posted a few days after she was ar
rested December 17 on a complaint
signed by an F. B. I. agent.
Appearing before Justice T. Alan
Goldsborough with her attorney.
Miss Ingalls said "Not guilty" in a
clear, loud voice. The arraignment
took only a minute or so.
The indictment charged that from
March to December Miss Ingalls had
received money from the German
government through Baron Ulrich
von Gienanth. Second Secretary of
the Embassy, for serving as public
relations counsel, publicity agent and
She was paid, the indictment al
leged to attempt to influence Amer
j ican public opinion through speeches
delivered in various cities under the
sponsorshp of various organizatons
Miss Ingalls won the Harmon
Trophy for woman flyers in 1935 and
holds the women's transcontinental
speed record in both directions.
Delivery of Parcels
To Federal Workers
Request Being Made
To Avert Sabotage
And Avoid Confusion
All Government workers have been
asked to cease the practice of hav
ing packages from stores delivered
to their offices.
A circular letter from the Federal
Works Agency, which supervises
Government buildings, to the chief
clerks of all departments and agen
cies requested that the matter be
| brought to the attention of all
The letter pointed out that "in
view of the national emergency” the
request was being made ‘ to prevent
sabotage” and "avoid confusion.”
It was pointed out that many
Government workers, who are away
from home during the hours when
stores usually make deliveries, made
a habit of having such packages de
livered to their offices.
The letter indicated the possibility
that saboteurs might take advantage
of the arrangement by which such
packages are admitted to public
buildings. In some agencies, such
as the War and Navy Departments,
all incoming and outgoing packages
must be inspected by guards. This
requires time and creates confusion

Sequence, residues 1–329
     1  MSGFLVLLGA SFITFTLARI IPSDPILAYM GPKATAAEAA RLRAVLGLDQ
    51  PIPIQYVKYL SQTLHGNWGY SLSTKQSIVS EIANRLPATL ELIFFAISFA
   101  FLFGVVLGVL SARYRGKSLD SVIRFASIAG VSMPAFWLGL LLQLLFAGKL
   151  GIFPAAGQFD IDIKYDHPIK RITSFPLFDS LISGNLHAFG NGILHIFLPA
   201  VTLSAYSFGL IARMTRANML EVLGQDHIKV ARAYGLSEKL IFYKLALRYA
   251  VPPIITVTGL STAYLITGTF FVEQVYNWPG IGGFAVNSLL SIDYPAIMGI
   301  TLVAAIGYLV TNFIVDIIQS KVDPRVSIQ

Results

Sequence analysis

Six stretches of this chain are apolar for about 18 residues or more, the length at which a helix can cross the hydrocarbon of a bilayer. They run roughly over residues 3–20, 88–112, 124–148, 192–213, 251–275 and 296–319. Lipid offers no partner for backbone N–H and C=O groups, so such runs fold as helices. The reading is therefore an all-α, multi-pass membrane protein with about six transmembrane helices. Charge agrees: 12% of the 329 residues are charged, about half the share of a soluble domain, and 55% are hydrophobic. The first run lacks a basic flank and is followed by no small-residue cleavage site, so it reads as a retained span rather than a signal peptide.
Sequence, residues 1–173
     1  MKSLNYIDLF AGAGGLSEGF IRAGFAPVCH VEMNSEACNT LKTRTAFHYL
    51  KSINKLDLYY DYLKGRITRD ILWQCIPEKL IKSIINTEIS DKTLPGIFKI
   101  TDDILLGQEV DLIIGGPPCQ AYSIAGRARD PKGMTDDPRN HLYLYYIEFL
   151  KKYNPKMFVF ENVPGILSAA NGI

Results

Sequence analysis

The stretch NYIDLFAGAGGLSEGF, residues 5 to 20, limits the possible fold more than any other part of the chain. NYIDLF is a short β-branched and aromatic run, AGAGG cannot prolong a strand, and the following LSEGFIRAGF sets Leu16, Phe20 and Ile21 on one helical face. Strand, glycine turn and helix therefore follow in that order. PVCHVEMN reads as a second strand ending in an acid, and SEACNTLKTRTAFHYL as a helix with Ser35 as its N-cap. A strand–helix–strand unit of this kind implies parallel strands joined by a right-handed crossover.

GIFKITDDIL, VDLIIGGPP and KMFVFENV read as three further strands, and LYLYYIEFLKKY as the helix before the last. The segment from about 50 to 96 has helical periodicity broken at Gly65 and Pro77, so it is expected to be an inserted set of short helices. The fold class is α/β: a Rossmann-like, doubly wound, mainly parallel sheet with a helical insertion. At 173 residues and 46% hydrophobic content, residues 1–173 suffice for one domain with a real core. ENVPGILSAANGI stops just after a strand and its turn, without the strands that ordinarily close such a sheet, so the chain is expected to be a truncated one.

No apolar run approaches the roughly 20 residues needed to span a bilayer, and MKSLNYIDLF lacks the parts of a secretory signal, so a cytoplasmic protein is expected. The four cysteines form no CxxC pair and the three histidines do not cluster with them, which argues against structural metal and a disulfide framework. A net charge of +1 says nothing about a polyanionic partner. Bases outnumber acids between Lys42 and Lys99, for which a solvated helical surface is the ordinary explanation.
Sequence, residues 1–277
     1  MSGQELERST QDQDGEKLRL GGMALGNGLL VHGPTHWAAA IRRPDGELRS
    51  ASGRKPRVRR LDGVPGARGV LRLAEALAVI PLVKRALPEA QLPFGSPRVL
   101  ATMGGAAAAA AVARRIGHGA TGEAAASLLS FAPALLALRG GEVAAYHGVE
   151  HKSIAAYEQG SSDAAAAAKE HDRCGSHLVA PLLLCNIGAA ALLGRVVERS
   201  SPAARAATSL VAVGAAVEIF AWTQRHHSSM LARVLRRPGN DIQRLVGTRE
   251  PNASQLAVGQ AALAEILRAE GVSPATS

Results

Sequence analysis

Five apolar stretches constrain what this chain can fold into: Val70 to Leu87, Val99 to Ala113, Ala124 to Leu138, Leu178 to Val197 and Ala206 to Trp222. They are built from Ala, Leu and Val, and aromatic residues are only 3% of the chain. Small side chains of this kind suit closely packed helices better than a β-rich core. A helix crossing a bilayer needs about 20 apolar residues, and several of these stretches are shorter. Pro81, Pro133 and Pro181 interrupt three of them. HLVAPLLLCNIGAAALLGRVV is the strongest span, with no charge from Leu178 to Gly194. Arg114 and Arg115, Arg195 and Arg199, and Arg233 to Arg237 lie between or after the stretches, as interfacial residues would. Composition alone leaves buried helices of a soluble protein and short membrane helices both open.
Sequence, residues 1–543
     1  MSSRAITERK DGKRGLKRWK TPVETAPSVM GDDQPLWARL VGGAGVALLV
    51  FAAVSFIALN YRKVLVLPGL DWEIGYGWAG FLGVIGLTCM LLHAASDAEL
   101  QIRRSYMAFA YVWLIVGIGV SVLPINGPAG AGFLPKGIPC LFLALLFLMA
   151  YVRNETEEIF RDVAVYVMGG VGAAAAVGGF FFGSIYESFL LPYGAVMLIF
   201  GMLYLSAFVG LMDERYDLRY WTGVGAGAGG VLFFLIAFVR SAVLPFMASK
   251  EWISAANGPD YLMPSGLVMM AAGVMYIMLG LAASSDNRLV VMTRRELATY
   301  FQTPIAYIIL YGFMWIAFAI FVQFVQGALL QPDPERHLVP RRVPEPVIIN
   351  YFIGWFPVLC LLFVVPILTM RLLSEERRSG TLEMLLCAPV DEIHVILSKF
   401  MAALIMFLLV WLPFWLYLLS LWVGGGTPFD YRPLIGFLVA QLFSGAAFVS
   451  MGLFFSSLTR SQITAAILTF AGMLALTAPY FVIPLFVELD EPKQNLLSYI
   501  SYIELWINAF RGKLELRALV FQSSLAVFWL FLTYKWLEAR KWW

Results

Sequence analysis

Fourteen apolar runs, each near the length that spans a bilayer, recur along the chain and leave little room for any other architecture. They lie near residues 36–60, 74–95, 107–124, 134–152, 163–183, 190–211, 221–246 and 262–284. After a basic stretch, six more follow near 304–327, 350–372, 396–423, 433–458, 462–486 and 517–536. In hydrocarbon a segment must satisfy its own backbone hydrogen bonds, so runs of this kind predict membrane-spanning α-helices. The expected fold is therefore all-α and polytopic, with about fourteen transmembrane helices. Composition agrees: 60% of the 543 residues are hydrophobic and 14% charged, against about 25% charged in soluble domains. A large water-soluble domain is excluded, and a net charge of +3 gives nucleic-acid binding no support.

when large numbers of workers are
carrying their shopping out of the
Wardman Maifre d'Hotel
Enlists to Fight Native Reich
Ralph Paul Balke, captain of the
dining room at the Wardman Park
Hotel for more than a year, whose
mother and brother now live in his
native city of Berlin, left by bus for
Fort Meade, Md„ this morning, after
joining the Army yesterday.
“I have my beliefs.” he said. “I
want to fight for them.”
Although he is 40 years old, his
enlistment was allowed because of
three years’ previous service in the
Army. He was told he probably
would be enrolled in the Air Corps.
Mr. Balke's brother is exempt from
service in Germany because of a
hearing ailment, but he believes he
may have a cousin in that Army. He
heard from his mother only a month
ago. He was in Berlin during the
first World War.
He came to this country at 22.
enlisting in the Army shortly after
his arrival. He said yesterday he
hoped to be sent to Hawaii, having
served his three years in the Ha
He was previously maitre d’hotel
at La Guardia Airport Restaurant
and at New York’s Luchow’s. His |
wife Is an auditor for a private com
6-Day War Department
Week Begins Tomorrow
The 25,000 employes of the War
Department will go on a 6-day 48
hour work week, beginning tomor
row, under an order issued late
yesterday by Secretary Stimson.
The longer hours will apply to all
field and departmental employes.
The order was issued under pro
visions of an executive order giving
department heads authority to fix
working hours for employes.
A 44-hour week will begin Mon
day for Commerce Department em
ployes and similar houra will be
worked by those in the Interior De
partment after January 26.
Means to Tighten Up
Urged by Van Hyning
Tells Trade Board Unit
Specialists Needed to
Set Efficiency Standards
Welfare Director Conrad Van
Hyning told a Board of Trade com
mittee yesterday his office at present
is not equipped to evaluate the
worth of Washington's public wel
fare program accurately or to gauge
the efficiency of institutional pur
“We are spending a lot of money
which Is unsupervised. and there are
a lot of holes in that procedure.” Mr
Van Hyning declared in an informal
talk to the Charities and Corrections
Committee in the Olmstead Grill,
1336 G street N.W.